Our editor, Kim Calvert, shares her perspective of what it’s like to be single in Los Angleles.
After an exhausting and frustrating day at the office last Wednesday, I decided to treat myself to a mani-pedi at my local nail salon. You know the type, “mani-pedi $13.” I wanted to do something nice for myself and forget about my ever growing to-do list and the mountain of problems on my desk.
As I was leaving the salon with my newly painted toe nails, wishing I had a cigarette (a sure sign I’m in stress mode – I quit 15 years ago), I heard a crash, spun around and saw gold sparks shooting down Santa Monica Blvd. A body lay in the street. I ran toward it, horrified at what I might see, yelling, “Someone call 911, someone call 911!”
The young man was laying in a contorted heap. I didn’t know if he was alive. His motorcycle, a new black Harley, was laying on it’s side some 40 feet ahead of him, equally still.
I reached out to touch his arm. I’ve heard human contact can anchor an escaping soul, and told him, “Be still baby, lay still, the doctor is coming.” Relieved, I saw him move. He struggled a bit as I spoke to him. He was alive – but blood was bubbling from his lips and dripping onto the dark pavement. I was afraid he would die before help arrived.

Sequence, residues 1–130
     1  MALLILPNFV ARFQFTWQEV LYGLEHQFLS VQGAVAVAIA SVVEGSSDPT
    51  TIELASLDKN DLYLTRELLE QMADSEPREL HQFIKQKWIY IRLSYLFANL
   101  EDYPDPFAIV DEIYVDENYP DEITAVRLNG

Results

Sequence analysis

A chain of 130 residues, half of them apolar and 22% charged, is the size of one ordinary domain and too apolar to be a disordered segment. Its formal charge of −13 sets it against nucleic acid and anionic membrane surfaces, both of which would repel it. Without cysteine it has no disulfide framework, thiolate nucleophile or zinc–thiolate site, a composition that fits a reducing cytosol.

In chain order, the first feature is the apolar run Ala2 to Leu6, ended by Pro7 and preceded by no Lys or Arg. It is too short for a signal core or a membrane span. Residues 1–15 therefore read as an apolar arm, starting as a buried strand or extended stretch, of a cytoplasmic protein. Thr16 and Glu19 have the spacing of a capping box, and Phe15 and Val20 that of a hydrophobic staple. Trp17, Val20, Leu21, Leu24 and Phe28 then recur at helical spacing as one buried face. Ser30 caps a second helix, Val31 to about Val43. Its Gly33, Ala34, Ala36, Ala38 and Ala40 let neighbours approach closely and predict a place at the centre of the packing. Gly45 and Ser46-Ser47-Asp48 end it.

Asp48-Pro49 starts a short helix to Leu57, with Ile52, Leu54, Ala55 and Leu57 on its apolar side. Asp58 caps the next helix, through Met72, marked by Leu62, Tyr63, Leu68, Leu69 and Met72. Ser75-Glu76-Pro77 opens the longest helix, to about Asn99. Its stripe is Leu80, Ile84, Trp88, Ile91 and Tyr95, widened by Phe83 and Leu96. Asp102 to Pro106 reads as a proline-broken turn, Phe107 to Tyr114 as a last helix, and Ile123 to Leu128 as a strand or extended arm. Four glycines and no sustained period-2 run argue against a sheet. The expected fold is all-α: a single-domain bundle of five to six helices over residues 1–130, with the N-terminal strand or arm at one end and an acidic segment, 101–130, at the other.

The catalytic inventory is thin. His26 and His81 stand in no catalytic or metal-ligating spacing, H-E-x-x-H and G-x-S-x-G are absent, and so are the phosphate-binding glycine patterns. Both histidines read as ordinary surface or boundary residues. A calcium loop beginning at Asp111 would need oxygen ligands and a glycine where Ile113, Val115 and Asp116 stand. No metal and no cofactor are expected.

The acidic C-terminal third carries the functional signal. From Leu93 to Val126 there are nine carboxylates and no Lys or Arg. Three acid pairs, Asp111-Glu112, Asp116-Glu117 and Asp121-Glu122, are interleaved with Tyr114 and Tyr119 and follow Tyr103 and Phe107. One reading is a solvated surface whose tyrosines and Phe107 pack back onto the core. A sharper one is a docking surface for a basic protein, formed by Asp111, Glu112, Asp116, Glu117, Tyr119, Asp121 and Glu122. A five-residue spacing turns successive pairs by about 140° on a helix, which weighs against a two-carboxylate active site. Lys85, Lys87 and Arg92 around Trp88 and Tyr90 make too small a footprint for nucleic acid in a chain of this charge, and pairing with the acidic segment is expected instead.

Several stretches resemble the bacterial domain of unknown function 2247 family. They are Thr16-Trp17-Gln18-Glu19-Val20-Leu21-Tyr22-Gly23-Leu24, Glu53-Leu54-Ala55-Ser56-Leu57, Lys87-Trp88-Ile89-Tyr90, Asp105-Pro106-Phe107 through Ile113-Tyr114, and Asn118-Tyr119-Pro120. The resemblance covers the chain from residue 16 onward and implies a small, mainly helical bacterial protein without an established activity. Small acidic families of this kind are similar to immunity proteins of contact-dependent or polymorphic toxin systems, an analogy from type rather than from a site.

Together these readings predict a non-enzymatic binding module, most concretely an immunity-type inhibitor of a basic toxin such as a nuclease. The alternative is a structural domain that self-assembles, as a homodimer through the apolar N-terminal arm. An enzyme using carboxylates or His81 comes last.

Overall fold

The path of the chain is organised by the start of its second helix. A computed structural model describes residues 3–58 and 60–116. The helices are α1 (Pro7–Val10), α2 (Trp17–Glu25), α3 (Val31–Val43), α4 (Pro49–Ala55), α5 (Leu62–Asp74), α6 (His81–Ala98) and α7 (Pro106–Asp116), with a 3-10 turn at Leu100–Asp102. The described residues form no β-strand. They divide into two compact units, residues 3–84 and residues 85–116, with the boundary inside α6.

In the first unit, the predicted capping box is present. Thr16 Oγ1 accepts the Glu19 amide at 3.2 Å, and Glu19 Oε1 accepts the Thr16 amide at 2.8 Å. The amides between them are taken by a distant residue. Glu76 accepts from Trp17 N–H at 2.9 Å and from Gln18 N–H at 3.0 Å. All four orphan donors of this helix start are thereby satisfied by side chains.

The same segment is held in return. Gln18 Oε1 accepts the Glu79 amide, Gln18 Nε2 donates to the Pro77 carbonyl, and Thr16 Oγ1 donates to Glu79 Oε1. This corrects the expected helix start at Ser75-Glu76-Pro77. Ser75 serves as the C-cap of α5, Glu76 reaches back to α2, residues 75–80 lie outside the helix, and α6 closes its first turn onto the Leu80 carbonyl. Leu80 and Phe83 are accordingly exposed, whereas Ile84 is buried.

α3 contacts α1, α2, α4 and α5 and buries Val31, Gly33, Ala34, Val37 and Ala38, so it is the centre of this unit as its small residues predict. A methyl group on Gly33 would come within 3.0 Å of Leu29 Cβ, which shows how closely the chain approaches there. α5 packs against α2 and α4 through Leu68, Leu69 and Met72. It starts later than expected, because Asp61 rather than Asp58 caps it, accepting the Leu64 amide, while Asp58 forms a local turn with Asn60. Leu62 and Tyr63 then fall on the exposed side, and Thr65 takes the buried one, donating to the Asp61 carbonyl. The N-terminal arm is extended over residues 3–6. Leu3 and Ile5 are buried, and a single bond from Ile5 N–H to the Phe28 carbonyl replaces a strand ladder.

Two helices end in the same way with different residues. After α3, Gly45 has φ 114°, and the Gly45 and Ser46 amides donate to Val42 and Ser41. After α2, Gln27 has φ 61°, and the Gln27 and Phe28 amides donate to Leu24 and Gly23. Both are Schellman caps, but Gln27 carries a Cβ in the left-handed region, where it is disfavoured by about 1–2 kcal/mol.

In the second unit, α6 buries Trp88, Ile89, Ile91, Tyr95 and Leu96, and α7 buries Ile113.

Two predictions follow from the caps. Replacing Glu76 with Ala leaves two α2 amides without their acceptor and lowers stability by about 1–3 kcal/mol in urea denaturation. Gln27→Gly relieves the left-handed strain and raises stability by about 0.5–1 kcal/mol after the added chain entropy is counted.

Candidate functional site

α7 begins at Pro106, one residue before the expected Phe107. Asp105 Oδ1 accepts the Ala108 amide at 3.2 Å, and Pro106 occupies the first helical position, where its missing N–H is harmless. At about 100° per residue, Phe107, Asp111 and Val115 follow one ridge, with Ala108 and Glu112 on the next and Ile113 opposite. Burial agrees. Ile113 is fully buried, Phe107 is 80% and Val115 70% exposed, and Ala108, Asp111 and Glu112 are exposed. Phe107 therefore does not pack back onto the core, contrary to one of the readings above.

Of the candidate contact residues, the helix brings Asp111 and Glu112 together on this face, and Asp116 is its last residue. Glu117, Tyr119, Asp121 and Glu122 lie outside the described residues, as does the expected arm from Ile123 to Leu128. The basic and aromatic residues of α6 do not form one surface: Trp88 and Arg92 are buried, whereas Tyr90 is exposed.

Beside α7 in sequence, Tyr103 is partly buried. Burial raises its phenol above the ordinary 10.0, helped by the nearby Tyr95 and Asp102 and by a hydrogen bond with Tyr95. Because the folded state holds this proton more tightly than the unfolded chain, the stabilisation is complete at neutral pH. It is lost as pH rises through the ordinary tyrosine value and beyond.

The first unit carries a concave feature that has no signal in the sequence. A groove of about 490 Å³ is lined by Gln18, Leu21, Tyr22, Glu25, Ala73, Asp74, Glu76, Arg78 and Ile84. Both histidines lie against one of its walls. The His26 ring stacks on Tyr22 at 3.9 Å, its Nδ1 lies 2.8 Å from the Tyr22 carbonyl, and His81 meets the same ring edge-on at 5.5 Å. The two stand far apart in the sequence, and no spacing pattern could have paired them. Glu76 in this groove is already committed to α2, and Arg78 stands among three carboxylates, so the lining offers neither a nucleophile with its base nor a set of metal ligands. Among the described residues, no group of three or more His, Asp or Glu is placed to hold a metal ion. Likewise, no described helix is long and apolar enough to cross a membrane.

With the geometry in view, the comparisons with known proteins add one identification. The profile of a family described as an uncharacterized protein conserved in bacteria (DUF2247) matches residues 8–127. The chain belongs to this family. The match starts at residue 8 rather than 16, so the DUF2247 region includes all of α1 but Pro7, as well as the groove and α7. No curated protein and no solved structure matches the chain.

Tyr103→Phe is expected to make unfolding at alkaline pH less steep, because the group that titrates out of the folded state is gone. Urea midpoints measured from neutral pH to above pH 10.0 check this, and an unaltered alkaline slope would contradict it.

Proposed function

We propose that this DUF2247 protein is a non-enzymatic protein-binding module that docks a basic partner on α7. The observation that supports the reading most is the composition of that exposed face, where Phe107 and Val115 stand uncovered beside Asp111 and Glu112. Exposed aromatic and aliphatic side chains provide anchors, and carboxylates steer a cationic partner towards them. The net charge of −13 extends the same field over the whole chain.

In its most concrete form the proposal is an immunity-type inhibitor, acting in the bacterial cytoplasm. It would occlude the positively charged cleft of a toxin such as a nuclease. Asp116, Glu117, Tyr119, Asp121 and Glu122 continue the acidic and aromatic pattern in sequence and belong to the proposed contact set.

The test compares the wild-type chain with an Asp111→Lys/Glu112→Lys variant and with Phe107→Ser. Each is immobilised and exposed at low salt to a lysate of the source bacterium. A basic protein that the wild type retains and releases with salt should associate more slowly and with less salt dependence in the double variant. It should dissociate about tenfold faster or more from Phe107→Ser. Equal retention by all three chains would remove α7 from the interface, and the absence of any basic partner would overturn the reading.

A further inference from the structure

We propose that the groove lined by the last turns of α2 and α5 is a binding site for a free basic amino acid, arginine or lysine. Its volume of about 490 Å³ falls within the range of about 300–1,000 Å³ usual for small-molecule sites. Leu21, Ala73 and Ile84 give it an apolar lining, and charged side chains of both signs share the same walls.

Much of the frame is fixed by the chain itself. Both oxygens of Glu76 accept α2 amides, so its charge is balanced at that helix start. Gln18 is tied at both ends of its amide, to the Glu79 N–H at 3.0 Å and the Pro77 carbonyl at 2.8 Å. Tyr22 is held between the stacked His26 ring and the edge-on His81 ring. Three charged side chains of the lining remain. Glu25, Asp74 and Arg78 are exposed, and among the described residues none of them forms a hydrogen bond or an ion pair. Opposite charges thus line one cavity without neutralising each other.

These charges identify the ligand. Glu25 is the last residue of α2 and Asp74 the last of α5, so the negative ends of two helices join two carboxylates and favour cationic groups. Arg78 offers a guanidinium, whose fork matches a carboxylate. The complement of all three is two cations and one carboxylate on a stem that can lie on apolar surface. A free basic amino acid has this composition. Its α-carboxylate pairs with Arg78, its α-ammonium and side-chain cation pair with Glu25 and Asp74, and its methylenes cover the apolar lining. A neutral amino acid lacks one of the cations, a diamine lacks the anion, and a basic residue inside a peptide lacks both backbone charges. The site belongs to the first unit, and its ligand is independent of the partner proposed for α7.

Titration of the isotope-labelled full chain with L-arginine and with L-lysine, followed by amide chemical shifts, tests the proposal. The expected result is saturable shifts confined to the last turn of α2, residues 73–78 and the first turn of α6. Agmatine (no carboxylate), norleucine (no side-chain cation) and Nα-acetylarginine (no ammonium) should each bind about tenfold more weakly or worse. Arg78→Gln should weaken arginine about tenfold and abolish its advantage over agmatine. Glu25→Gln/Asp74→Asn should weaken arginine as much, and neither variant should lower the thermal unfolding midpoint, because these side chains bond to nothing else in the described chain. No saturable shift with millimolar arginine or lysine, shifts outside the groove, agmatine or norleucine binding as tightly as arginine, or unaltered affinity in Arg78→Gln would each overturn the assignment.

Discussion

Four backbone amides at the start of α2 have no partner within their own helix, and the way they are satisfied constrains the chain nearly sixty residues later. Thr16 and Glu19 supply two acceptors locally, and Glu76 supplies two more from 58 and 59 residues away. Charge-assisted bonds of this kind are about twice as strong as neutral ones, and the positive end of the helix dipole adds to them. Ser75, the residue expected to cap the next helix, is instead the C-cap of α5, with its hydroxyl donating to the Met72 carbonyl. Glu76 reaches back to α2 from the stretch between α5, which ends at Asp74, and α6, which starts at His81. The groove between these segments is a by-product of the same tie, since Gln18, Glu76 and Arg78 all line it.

It seemed like an hour, but within 10 minutes five police cars arrived to block off traffic and move the crowd, including me, back to the sidewalk. Then the ambulance and a firetruck came, and with great relief, I watched as they started first-response efforts, bracing his neck and lifting him onto a stretcher and loading him into the ambulance before speeding off into the night.
The entire experience opened my eyes to how quickly our lives can take a dramatic turn. One moment, I’m walking to my car longing for a cigarette, stressed out because life is treating me unfairly – and at that same moment, a young man enjoying the thrill of his sexy new motorcycle, loses control, crashes, and is laying in the street bleeding and unconscious. It was a reminder of how precious life is, how quickly our lives can careen into an unexpected direction – and how small my own problems can be.
Would that young man trade his problems for mine today? I think he’d be glad to.